The slim and soft-spoken Mandel regards his finesse strictly as a matter of study and application. "I didn't know a thing about the technical side of filmmaking when I went out to the film institute," he says. "I never had the slightest mechanical aptitude either. I was pre-med at Bucknell before getting interested in drama and transferring to Columbia, where Joe Papp was one of the instructors. My whole outlook was theatrical when I arrived in film school, and I thought I might be sunk by my technical ignorance. I just cured the ignorance by studying.

"On the stage you can evoke just about any setting imaginable with a minimum of symbolic material or mere suggestion. Intuitively, you allow the audience to do the rest for you . . . With film you're obliged to evoke settings much more realistically -- to oversimplify, it's better to have a house that looks like a house rather than the mere suggestion of a house. But you can also draw on the evocative power of authentic settings and locations, and you can really control what the audience is seeing."

In three weeks of release, "F/X" (budgeted at $10.5 million) has grossed a very respectable $15 million. According to Mandel, the project began as "a $2 million exploitation vehicle" and underwent progressive upgrading.

The original screen writers, Robert T. Megginson and Gregory Fleeman -- respectively a documentary filmmaker and an actor -- were without previous writing experience. Mandel supervised "three major rewrites to bring the characters into believable working worlds," and a pair of uncredited screen writers, Tom Pope and Alan Ormsby, contributed substantially to the revisions. Ormsby is best known as the writer of "My Bodyguard," but has also worked on a number of horror thrillers. One of them was titled "I Dismember Mama," mentioned in passing in "F/X" as one of the hero's grislier credits.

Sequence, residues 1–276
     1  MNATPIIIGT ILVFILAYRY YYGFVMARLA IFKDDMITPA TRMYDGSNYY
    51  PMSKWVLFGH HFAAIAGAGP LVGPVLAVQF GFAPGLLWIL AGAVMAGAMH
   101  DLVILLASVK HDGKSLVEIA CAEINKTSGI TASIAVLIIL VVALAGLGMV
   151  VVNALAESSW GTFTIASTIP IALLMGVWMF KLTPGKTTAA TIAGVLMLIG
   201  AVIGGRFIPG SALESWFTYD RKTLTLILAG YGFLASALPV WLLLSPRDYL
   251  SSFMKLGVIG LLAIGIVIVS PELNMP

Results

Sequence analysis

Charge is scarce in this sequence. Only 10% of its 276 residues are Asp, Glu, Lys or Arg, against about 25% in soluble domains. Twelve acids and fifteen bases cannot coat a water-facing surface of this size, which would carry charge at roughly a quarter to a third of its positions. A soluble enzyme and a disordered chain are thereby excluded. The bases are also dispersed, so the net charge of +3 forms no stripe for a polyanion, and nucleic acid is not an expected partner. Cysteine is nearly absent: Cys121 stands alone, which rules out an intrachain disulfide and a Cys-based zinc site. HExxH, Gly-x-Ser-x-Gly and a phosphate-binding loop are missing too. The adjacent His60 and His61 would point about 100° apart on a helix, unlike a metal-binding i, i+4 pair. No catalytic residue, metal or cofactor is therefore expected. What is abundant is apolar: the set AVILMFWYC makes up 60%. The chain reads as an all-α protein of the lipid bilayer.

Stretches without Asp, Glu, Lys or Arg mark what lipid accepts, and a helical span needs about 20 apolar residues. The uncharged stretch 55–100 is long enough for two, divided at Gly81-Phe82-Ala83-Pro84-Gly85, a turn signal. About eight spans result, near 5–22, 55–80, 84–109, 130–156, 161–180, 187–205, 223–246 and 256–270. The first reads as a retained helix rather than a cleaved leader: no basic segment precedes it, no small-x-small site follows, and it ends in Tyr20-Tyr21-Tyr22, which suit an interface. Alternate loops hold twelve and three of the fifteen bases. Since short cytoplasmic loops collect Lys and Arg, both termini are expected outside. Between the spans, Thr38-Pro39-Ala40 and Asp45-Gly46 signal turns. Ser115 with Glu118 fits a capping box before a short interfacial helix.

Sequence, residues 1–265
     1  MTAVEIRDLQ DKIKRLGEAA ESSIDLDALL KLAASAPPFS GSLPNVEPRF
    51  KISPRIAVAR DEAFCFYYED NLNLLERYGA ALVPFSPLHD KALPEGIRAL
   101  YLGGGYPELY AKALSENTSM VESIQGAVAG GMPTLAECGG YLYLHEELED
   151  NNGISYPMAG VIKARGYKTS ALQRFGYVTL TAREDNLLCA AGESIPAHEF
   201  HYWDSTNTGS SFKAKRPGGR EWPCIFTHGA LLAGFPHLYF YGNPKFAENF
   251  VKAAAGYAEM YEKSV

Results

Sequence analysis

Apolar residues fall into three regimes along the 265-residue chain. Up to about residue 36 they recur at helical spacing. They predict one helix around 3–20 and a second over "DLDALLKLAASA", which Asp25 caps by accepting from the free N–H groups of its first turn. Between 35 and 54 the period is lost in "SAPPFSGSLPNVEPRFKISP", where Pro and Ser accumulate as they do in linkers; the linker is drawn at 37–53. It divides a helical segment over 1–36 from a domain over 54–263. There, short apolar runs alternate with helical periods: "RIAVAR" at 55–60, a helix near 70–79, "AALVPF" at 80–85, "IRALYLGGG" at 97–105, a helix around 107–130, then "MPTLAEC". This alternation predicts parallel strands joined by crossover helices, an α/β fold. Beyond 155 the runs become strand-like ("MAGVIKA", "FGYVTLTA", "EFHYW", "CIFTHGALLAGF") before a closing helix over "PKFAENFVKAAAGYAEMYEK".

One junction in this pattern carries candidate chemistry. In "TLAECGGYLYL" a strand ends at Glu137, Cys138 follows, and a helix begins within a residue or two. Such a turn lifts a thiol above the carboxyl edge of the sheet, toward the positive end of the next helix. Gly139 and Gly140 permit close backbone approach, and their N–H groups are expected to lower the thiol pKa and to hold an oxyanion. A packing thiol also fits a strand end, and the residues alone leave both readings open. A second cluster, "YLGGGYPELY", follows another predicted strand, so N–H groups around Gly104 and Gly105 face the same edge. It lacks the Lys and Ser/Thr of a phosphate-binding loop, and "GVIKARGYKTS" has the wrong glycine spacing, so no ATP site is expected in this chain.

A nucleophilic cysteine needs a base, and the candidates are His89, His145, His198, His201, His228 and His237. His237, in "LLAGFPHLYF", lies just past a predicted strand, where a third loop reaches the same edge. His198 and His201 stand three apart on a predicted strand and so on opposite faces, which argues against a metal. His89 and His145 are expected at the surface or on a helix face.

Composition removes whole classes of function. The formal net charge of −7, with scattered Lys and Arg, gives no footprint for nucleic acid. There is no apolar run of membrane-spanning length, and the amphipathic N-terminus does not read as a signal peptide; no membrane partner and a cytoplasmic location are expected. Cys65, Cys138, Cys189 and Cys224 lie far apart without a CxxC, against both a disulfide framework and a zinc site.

"For the first time in my life, I'm supposedly responsible for something that's critic-proof," Mandel says. "You can't imagine how odd that term sounds unless you come from the theater, where nothing's critic-proof. Especially in New York, where one critic can pretty much make or break a play. Now my agent assures me I don't have to worry about the reviews of 'F/X,' because it's a so-called 'high concept' entertainment -- the audience can recognize at a glance what they'll be getting.

"Maybe there's something to the recognition element, at least in attracting business from the beginning, which seems to be essential to box-office success. But what's really interesting about movie reviews is this incredible range of reactions. It's all so splintered compared to what I came to expect in the theater. I mean, you'll get one guy saying that Bryan Brown is sensational, and we made a mistake by shifting the focus to Brian Dennehy as the homicide cop halfway into the picture. Then the next guy can't stand Bryan Brown and wishes Brian Dennehy had been brought in to 'save the movie' even sooner. It's fun to have all these contradictory impressions circulating around your work.

"I was so ignorant and naive when I made 'Independence Day.' Had never heard of high concept, knew nothing about marketing guys and their problems . . . It's always going to be easier to admire the 'good little film' or the 'promising first feature' than it is to sell it."

Mandel, 39, was born in Oakland and raised in New York, where he now resides with his wife and their 3-year-old daughter. A second child is expected next month. Though reading scripts "every day," he is not inclined to commit to a new project for the time being -- in part because of the baby and in part because he still has a picture waiting for release.